SEOUL (AFP/REUTERS) - North Korean Defence Minister Hyon Yong Chol has been executed by anti-aircraft fire for disloyalty and showing disrespect to leader Kim Jong Un, South Korea's intelligence agency said on Wednesday.
Hundreds of officials watched Mr Hyon's execution on April 30, Mr Han Ki Beom, the deputy director of the National Intelligence Agency (NIS), told a parliamentary committee in a briefing on Wednesday, the Yonhap news agency reported.
Mr Hyon, who spoke at a security conference in Moscow in April and was appointed to the post of Minister of the People's Armed Forces less than a year ago, was said to have shown disrespect to Mr Kim by dozing off at a military event, the Seoul lawmakers said, citing the agency briefing.
Mr Hyon was believed to have voiced complaints against Mr Kim and had not followed his orders several times, according to the lawmakers. He was arrested late last month and executed three days later without legal proceedings, the NIS said.
The Yonhap report was based on a briefing by a ruling Saenuri party lawmaker who attended the parliamentary committee meeting. It was not clear how the NIS received the information and it is not possible to independently verify such reports from within secretive North Korea.
Mr Han told the committee that Mr Hyon was executed with anti-aircraft fire - a method cited in various unconfirmed reports as being reserved for senior officials who the leadership wishes to make examples of. Mr Han said hundreds of people witnessed the execution, which was believed to have been carried out with an anti-aircraft gun at a military academy in northern Pyongyang.
The South Korean spy agency told lawmakers that Mr Ma Won Chun, known as North Korea's chief architect of new infrastructure under Mr Kim, was also purged, local media reported. Mr Ma had also once served as vice-director of the secretive Finance and Accounting Department in the ruling Workers' Party and, up until recently, was effectively the regime's money man. He had been regularly photographed alongside Mr Kim in state propaganda images, but had not made any reported appearances since November last year.
Mr Hyon's execution comes after South Korea's spy agency said late last month that Mr Kim ordered the execution of 15 senior officials this year as punishment for challenging his authority.
In all, around 70 officials have been executed since Mr Kim took over after his father's death, Yonhap news agency cited the NIS as saying.
"North Korean internal politics is very volatile these days," said Mr Michael Madden, an expert on the North Korean leadership and contributor to the 38 North think-tank. "Internally, there does not seem to be any respect for Kim Jong Un within the core and middle levels of the North Korean leadership," he added.
"There is no clear or present danger to Kim Jong Un's leadership or stability in North Korea, but if this continues to happen into next year, then we would seriously have to start looking at a contingency plan for the Korean Peninsula".
The lawmakers said Mr Hyon was executed at a firing range at the Kanggon Military Training Area, 22km north of Pyongyang.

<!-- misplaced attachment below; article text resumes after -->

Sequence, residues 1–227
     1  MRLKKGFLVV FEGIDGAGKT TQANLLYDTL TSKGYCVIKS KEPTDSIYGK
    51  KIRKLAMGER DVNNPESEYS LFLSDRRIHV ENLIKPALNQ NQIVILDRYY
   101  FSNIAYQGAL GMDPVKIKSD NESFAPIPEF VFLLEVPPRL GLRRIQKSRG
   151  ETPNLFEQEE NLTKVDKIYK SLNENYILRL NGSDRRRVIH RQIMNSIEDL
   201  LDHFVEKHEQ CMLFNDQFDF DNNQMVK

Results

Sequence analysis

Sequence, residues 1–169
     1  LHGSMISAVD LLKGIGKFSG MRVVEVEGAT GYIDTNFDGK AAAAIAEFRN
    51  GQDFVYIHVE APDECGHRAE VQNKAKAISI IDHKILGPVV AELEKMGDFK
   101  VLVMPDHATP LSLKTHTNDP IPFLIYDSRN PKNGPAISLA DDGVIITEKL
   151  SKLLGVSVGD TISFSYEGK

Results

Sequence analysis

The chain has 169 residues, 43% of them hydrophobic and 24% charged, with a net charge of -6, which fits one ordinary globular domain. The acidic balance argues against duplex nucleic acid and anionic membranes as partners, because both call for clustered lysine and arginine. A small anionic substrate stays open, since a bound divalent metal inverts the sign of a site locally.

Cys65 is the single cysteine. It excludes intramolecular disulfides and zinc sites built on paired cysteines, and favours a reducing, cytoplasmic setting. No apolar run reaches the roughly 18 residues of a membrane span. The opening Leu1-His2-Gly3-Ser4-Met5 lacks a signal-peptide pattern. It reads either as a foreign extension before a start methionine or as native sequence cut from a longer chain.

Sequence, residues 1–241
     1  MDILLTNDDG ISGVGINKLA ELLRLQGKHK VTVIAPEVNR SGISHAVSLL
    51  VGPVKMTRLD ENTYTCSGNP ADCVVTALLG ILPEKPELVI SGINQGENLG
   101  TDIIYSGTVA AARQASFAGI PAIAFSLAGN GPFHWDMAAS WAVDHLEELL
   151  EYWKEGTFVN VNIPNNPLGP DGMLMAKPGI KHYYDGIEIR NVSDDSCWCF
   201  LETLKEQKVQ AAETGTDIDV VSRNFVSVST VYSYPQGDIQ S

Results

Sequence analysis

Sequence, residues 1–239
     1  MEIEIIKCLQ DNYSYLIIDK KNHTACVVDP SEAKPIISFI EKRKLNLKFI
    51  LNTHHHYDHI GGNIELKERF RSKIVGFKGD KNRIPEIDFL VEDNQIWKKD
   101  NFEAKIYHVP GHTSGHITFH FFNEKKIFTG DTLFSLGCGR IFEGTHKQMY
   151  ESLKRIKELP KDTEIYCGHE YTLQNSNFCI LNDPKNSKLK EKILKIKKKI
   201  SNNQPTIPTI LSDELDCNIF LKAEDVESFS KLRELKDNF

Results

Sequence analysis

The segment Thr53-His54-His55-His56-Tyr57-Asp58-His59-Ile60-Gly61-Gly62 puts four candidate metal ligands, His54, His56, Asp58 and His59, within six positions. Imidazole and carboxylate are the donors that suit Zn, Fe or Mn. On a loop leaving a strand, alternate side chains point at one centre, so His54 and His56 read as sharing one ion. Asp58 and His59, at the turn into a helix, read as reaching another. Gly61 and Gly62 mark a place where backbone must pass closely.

The United States-based Committee for Human Rights in North Korea said last month that, according to satellite images, the range was likely used for an execution by ZPU-4 anti-aircraft guns in October. The target was just 30m away from the weapons, which have a range of 8,000m, it said.
"The gut-wrenching viciousness of such an act would make 'cruel and unusual punishment' sound like a gross understatement," the group said on its website. "Given reports of past executions this is tragic, but unfortunately plausible in the twisted world of Kim Jong Un's North Korea."
Mr Hyon, a little-known general, was promoted to the rank of vice-marshal of the North Korean army in 2012.
In North Korea, the defence minister is mainly in charge of logistics and international exchanges. Policy-making is handled by the powerful National Defence Commission and the party Central Military Commission.
If confirmed, the execution marks another demonstration of Mr Kim's ruthlessness in dealing with even the most senior officials suspected of disloyalty, following the execution of his uncle and one-time political mentor Jang Song Thaek in 2013.
It also points to possible power struggles within the top leadership, following Mr Kim's decision to cancel a scheduled visit to Moscow last week in order to deal with "internal issues".
In 2013, Mr Kim purged and executed Jang, once considered the second-most powerful man in Pyongyang's leadership circle, for corruption and committing crimes damaging to the economy, along with a group of officials close to him.
Pyongyang's military leadership has been in a state of perpetual reshuffle since Mr Kim took power.
Late last month, the NIS reported that Kim had ordered the execution of 15 senior officials so far this year, including two vice-ministers, for questioning his authority.
North Korea is one of the most insular countries in the world and its ruling power structure is highly opaque. The current leader is the third generation of the Kim family that has ruled with near-absolute power since the country was established in 1948.
But the hierarchy around them has long been subject to infighting and factionalism which makes it impossible for outsiders to ascertain who makes decisions, and why.
Mr Kim, who is in his early thirties, has changed his armed forces chief four times since coming to power. His father Kim Jong Il, who ruled over the isolated nuclear-capable country for almost two decades, replaced his chief just three times.